Thursday, August 11, 2011

I, Robot?

 I've always loved science fiction.  Full disclosure time here: I just spent hours trying to make my iPad look like a PADD from Star Trek!  Anyway, as a young person I spent a lot of time watching Star Trek and Jetsons reruns.   To the point that I found it very depressing that we didn't have rocket jet packs by the year 2000.  Another feature of sci- fi that always interested me was the idea of a future where robots would be our servants and humans would be freed from the mundane aspects of life.

Of course, everyone shared this belief.  I mean, Ringo even wanted Gort to become the fifth Beatle, if the album cover at left tells us anything.  And who can blame him?  Everyone wants a piece of famous robots.  To people growing up in the 1970's, the most compelling characters of the Star Wars movies were R2D2 and C3P0.  You can buy a replica R2 unit for yourself from high-end retailers, and women can even purchase the most un-sexy bathing suits of all time, if they so choose.

But let's be honest: to be able to delegate mundane tasks to a robot just makes so much sense.  This, of course, is why modern industrial robots (and there are over 8 million of them) have increased manufacturing efficiency (at the cost of jobs for real humans, of course). 

I've been particularly interested in this since my first visit to the Subaru plant in Lafayette, Indiana in the early '90's. First of all, if you have the chance to go to a car factory, you really should.  They are massive places, and you can actually watch a car go from random pieces of metal to driving out the door.  And besides the overhead conveyor belts carrying automobile carcasses through the facility, there are lots of really cool robots doing painting, assembly, welding and other tasks.  Ever since, I wondered when smaller robots would come to our aid around the home.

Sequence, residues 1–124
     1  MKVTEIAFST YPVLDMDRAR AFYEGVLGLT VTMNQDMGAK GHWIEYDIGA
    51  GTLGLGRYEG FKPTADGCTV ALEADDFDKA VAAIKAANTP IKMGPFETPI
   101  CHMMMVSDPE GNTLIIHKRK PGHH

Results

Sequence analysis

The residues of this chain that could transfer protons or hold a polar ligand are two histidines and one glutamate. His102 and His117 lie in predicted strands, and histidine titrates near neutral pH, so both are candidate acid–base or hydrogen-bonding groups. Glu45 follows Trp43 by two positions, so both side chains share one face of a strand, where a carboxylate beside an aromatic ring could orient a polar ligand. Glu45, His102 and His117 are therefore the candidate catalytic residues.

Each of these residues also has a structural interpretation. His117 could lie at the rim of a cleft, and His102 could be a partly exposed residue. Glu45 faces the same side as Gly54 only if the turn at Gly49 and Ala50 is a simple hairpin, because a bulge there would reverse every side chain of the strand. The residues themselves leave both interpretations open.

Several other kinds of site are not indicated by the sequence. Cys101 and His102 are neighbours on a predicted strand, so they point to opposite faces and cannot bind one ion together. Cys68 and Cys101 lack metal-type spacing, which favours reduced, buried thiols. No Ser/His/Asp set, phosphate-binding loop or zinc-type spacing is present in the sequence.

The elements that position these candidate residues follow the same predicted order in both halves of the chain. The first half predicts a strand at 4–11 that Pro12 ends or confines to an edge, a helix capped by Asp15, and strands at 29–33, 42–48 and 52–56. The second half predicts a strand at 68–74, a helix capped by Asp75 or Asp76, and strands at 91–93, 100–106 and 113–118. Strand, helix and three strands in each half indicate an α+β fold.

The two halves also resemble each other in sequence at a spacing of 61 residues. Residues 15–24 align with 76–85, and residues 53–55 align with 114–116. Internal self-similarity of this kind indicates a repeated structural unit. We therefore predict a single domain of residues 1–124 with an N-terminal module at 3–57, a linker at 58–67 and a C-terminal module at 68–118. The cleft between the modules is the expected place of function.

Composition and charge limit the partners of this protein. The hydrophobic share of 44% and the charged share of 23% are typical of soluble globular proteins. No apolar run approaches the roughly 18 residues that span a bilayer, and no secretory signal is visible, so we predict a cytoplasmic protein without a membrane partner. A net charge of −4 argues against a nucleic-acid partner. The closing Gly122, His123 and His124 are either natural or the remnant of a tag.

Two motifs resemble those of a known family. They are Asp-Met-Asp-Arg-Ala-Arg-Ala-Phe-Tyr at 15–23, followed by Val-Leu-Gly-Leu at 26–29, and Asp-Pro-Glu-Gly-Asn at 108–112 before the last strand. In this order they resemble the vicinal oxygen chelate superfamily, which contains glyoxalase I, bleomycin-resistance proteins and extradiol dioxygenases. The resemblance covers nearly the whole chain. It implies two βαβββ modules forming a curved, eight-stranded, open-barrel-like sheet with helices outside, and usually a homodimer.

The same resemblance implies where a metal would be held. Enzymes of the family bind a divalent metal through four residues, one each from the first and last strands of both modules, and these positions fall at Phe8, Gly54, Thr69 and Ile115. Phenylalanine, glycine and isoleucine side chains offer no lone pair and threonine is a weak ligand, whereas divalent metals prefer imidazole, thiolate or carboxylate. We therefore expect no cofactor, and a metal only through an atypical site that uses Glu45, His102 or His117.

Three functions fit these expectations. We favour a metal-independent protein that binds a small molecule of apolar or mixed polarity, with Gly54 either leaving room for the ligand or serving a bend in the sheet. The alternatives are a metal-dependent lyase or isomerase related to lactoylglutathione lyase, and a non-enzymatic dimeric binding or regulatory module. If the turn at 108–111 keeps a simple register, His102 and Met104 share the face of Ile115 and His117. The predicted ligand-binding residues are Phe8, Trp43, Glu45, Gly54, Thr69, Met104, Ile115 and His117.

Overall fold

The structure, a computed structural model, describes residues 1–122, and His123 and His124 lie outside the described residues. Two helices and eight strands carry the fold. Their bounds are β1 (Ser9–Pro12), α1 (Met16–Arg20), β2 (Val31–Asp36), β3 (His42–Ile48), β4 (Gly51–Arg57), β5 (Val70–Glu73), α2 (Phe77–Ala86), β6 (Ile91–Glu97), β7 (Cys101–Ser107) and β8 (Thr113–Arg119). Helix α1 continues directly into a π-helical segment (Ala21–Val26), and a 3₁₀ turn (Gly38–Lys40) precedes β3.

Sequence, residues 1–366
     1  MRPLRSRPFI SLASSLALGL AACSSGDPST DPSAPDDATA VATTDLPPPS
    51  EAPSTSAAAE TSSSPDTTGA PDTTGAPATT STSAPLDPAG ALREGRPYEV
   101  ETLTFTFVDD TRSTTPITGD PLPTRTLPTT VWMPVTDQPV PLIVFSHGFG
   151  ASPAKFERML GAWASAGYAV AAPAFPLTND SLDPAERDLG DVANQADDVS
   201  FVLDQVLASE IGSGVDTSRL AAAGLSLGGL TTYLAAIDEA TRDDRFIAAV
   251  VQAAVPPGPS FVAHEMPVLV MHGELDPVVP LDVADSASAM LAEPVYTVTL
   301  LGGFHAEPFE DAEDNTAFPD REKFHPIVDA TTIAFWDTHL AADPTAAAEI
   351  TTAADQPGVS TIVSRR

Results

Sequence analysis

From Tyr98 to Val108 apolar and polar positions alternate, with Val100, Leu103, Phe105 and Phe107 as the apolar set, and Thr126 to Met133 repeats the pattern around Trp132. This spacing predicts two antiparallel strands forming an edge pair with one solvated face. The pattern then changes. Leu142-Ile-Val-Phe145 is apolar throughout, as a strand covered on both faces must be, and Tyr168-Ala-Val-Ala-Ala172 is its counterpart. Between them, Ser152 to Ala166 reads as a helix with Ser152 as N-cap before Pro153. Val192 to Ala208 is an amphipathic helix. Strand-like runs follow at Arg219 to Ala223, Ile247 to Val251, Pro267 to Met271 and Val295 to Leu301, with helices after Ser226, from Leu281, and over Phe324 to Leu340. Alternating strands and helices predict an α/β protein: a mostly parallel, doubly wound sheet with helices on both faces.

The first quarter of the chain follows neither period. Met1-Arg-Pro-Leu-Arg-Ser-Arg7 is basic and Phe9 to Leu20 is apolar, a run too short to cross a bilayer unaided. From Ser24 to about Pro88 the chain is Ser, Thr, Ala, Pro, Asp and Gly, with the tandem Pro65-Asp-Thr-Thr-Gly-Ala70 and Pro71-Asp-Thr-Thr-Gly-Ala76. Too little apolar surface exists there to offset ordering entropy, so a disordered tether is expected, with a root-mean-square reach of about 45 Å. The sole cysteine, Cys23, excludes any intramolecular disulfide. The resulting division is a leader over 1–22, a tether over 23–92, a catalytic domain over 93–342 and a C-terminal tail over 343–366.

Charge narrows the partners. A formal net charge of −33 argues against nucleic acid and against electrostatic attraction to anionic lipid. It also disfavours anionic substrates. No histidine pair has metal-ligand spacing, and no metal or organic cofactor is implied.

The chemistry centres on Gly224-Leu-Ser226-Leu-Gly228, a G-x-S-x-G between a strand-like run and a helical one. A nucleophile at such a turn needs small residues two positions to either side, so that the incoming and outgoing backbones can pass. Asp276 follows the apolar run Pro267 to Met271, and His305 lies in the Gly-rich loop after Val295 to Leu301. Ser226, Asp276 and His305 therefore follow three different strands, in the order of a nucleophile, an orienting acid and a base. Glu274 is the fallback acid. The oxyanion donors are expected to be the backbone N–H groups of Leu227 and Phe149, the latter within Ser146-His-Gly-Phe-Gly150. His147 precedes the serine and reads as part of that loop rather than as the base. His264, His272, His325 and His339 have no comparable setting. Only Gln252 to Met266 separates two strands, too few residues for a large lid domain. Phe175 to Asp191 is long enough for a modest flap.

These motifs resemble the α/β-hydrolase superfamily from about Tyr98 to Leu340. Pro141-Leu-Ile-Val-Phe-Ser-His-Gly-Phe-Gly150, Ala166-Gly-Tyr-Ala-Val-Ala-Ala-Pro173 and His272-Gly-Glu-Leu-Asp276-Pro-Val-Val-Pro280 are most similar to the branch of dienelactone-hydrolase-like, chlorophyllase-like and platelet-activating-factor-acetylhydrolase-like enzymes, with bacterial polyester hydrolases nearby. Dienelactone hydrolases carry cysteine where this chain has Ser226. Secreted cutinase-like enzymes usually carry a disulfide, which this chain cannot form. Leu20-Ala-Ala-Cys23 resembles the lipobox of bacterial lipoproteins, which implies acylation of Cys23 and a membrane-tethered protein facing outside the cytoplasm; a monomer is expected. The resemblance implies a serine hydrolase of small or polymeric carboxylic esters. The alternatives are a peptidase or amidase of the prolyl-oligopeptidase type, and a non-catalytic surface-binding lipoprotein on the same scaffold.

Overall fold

And then, a couple of years later, they proliferated!  The first one I heard of was the robotic swimming pool cleaner. These little chaps walk along the bottom of your pool (under water) and clean it for you.   Then came the robot vacuum cleaner, which can be programmed to sweep your floors, and even moves around your furniture.  Considering that vacuuming has always been one of my household chores, this seems very intriguing.  Plus, it could give the cats some amusement...

Since the Sassy Librarian and I bought to our dream house, I have come to love the process of mowing the lawn--something I had never done before we moved here.  I love riding around on my lawn tractor and I look forward all week to getting some "seat time".  But what if---I mean, you don't think--oh my!  They make robot lawnmowers now, too!  They wouldn't work on our property (too much land) but for a typical suburban house, this would be unbelievably awesome. I'm sure it won't be long before a professional sports team fires their head groundskeeper and replaces him with one of these babies.  I can hear the announcers talking now: "The umpires just consulted with the Robot Lawnmower to see what the rain forecast is."  The future is right around the corner.

So just as I had begun to think that there were very few jobs left that were safe from robots, I almost drove my car off the road when I saw a billboard promoting the local hospital's new service: Robotic Hysterectomies.  At first I scoffed, in my typical Phil Donahue feminist style, "I bet you won't find them doing robot vasectomies." But apparently the hospital uses robots for lots of other procedures, too, including some that only apply to men.  The surgeries actually employ a human doctor to operate the robot, but still, it just sounds so unpleasant.  I mean, if I was going to go have a major organ removed, I would prefer that a person was responsible, not a machine.  And what if you got a robot with problems, like Marvin, the Paranoid Android? I would hate to have my robot surgeon whining "brain the size of a planet, and all they ask me to do is remove this guy's enlarged prostate."  And who do you sue when they screw up?  I mean, medical malpractice is as close as most of us will ever come to winning the lottery.  And I bet Marvin has a brilliant team of lawyers, too...

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